The Health Lift was a device used back in the 1800’s that had people stand on an elevated box and grab a bar attached to weight on string, then stand up with it. It’s somewhat similar to belt squats on an elevated surface, but is slightly different due to the gripping of the bar and hinging of the hip. George Barker Windship is often credited with being the first formal inventor of this device.

Image courtesy 

Early 1900’s to 1991 (Ed Coan)

Moving on from the 1800’s, there’s been one strength pioneer who’s often referenced as the ‘father of the deadlift.’ That’s none other than German strength pioneer Hermann Goerner.

Goerner began his rise to fame for his strength feats performed with the Pagel’s Circus between 1910-1930. At this time, he began getting well-known for his feats of strength which include: Wrestling an elephant, clean & jerking 330 lbs, one-arm snatching 169 lbs, triple flipping a 50kg kettlebell, deadlifting 793 lb, and one-hand deadlifting 727 lbs.

It’s hard to say if Goerner was the true ‘father of the deadlift,’ but he definitely played a role in popularizing the movement. Then around the 1930s comes Mark Berry, a strength pioneer who was also a national champion weight lifter in 1925. Berry was one of the first pioneers to promote heavy compound movements (like squats and deadlifts) for building strength and muscle.

As the deadlift’s popularity began to grow in America from the 1930-40’s, so did its record setting numbers. Around this time and into the 1950’s, to record a record setting deadlift, an athlete must performed the feat at an Olympic lifting competition. Weightlifting’s governing bodies would allow athletes to perform “odd lifts” such as the deadlift, bench press, squat, and sometimes over head press during competitions for records.

One of the first documented best pound-for-pound deadlifts was recorded by John Terry of York, Pennsylvania’s weight lifting team. It’s said that he deadlifted 610 lbs at a bodyweight of 132 lbs. Then in 1946, at the Chattanooga, Tennessee Weightlifting Championships, Bob Peoples performed at 650 lb deadlift at a bodyweight of 181 lbs, and then hit over 700lbs a year later.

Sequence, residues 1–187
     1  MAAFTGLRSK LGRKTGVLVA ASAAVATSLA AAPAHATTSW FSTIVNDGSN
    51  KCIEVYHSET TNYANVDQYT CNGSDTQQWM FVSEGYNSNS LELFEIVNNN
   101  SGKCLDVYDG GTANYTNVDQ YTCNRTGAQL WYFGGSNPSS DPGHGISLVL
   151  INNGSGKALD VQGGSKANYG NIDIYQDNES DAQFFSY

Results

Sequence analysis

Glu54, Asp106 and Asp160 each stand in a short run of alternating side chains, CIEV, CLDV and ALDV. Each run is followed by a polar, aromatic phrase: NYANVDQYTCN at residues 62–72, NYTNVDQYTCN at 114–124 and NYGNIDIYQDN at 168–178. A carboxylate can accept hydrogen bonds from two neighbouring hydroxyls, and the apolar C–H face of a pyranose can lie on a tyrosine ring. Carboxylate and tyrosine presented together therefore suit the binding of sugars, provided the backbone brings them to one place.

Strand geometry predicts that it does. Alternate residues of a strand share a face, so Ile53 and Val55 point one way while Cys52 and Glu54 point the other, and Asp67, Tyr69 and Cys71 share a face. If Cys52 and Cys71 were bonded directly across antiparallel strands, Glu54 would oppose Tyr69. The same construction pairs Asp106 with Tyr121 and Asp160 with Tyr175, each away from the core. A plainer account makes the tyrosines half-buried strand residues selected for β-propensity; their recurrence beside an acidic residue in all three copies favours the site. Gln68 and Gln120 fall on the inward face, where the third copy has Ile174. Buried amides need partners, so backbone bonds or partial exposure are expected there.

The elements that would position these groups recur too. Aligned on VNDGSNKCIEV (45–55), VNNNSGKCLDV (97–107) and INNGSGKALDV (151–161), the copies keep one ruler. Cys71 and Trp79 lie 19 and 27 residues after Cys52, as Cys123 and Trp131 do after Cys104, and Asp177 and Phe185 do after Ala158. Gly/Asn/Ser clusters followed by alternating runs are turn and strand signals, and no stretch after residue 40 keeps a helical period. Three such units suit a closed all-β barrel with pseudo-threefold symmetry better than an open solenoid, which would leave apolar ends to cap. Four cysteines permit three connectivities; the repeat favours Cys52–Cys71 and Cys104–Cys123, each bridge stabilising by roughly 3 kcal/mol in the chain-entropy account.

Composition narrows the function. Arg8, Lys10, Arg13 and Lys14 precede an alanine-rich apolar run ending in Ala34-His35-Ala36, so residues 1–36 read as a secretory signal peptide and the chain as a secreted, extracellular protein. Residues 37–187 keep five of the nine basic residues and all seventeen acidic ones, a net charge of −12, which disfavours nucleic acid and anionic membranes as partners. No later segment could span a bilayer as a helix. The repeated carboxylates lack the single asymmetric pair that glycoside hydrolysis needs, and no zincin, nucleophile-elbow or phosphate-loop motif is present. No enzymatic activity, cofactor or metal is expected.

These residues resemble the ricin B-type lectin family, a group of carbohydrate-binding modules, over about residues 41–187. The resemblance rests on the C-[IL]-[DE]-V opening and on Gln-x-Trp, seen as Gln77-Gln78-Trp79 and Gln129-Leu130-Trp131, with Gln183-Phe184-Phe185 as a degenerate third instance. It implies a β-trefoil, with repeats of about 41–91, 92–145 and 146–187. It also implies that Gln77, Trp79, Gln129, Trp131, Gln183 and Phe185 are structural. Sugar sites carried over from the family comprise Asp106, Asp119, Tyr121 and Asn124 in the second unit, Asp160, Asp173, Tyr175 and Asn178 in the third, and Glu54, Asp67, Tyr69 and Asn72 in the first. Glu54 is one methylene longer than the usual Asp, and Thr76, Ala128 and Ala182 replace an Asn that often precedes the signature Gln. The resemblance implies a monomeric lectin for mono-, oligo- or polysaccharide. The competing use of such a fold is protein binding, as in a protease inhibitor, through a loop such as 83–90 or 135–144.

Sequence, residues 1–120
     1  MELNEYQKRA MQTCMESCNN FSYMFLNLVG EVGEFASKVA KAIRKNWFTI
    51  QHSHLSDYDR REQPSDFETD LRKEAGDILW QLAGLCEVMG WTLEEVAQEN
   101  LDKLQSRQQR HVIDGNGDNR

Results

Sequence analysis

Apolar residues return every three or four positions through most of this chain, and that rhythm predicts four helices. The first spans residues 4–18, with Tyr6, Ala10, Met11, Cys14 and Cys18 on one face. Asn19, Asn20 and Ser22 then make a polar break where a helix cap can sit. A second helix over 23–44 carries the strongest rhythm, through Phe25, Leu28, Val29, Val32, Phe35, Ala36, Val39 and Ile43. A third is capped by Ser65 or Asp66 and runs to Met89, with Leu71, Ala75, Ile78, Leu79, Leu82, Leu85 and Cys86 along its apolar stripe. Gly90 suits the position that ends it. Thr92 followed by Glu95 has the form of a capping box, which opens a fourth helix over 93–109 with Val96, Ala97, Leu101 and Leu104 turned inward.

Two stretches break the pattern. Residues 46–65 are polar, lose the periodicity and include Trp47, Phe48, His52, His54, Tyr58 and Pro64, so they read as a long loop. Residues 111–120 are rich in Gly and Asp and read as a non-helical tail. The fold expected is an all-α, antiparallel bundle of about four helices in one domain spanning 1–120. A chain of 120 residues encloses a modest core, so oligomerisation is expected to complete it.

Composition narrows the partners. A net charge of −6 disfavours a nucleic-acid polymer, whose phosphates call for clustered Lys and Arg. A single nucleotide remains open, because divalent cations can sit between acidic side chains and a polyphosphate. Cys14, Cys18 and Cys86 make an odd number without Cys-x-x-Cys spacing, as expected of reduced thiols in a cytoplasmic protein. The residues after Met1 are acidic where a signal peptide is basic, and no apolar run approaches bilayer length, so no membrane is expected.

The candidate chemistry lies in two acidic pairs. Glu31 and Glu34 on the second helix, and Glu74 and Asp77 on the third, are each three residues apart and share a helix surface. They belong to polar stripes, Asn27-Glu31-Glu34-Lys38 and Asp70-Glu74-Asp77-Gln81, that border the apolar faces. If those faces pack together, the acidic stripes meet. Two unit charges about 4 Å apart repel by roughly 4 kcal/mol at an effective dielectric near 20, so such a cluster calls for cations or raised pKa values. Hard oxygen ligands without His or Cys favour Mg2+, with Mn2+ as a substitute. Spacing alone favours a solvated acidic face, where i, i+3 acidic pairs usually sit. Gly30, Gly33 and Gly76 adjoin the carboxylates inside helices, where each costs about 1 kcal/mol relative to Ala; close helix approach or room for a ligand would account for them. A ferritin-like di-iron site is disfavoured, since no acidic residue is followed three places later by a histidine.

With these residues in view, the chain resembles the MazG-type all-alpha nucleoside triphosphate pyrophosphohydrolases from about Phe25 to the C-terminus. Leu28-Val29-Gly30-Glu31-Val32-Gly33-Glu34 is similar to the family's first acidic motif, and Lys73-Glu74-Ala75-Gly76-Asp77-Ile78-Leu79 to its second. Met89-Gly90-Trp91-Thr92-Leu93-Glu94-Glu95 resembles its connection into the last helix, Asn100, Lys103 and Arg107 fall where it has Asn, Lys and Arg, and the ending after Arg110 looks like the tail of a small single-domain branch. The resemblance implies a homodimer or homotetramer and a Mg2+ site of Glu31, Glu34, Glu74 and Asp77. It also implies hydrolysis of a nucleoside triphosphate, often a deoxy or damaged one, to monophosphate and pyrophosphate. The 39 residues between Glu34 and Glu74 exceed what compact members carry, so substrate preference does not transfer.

In 1961, Canadian Ben Coats broke the 750 lb deadlift seal, and did so weighing around 270 lbs. Then in 1977, the 800 lb seal was broken by 198lb powerlifting legend Vince Anello It wasn’t after long until 900 lbs was broken by Dan Wohleber, who pulled a little over 900 lbs at a bodyweight around 290 lbs.

In addition to the above historical deadlift landmarks, Lamar Gant was the first to pull 5x his bodyweight with his incredible 632 lb deadlift at a mere 123 lbs bodyweight.

1991 Ed Coan – Present

In 1991, Ed Coan performed a lift that most consider as one of powerlifting’s most impressive feats. He pulled the record setting 901 lbs at a bodyweight of 220 lbs. This record stood for over two decades until only recently being broken by Yury Belkin and Cailer Woolam.

After years of lifters hitting 800-900+lb deadlifts, the 1,000 lb seal was finally broken. In 2006, Andy Bolton became the first man to pull over the 1k mark, and hit a 1,003 lb deadlift in competition.

And in 2011, Benedikt Magnusson completed the heaviest raw deadlift, which now sits at 1,015 lbs. And of course, we can’t forget Eddie Hall’s 1,100 lb deadlift that he completed at the 2016 World Deadlift Championships. Yes, he performed this lift with straps, but it’s worth a mention in this historic deadlift article, as it’s the highest recorded deadlift performed to date.

Wrapping Up

The deadlift has a an interesting history, and continues to grow as strength sports do. Currently, the best deadlift with straps sits at 500kg, but we have a feeling it won’t last too incredibly long. In addition, we’re in a time when strength sports are at their highest level of popularity, which is creating new records within each weight class almost routinely.

Feature image from @pt_luca_marsigliani Instagram page.